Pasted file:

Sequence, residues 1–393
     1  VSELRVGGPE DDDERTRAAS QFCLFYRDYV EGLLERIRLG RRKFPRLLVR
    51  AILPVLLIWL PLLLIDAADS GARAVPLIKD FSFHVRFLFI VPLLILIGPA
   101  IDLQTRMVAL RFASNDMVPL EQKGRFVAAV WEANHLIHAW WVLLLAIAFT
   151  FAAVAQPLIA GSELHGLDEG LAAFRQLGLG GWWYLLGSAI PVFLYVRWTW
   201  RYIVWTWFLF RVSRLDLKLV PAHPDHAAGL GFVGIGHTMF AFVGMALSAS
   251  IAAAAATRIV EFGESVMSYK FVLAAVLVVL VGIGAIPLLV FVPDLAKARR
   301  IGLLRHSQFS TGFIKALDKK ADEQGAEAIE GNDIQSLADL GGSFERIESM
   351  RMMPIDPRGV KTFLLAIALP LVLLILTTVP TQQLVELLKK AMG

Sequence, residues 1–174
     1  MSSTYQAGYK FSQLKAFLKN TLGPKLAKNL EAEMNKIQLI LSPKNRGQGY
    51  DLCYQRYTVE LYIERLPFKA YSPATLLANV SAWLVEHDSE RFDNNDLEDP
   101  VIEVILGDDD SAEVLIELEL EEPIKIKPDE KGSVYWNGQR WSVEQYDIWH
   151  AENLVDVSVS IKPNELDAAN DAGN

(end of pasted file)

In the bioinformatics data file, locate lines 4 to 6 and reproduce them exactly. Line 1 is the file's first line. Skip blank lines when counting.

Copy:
   101  IDLQTRMVAL RFASNDMVPL EQKGRFVAAV WEANHLIHAW WVLLLAIAFT
   151  FAAVAQPLIA GSELHGLDEG LAAFRQLGLG GWWYLLGSAI PVFLYVRWTW
   201  RYIVWTWFLF RVSRLDLKLV PAHPDHAAGL GFVGIGHTMF AFVGMALSAS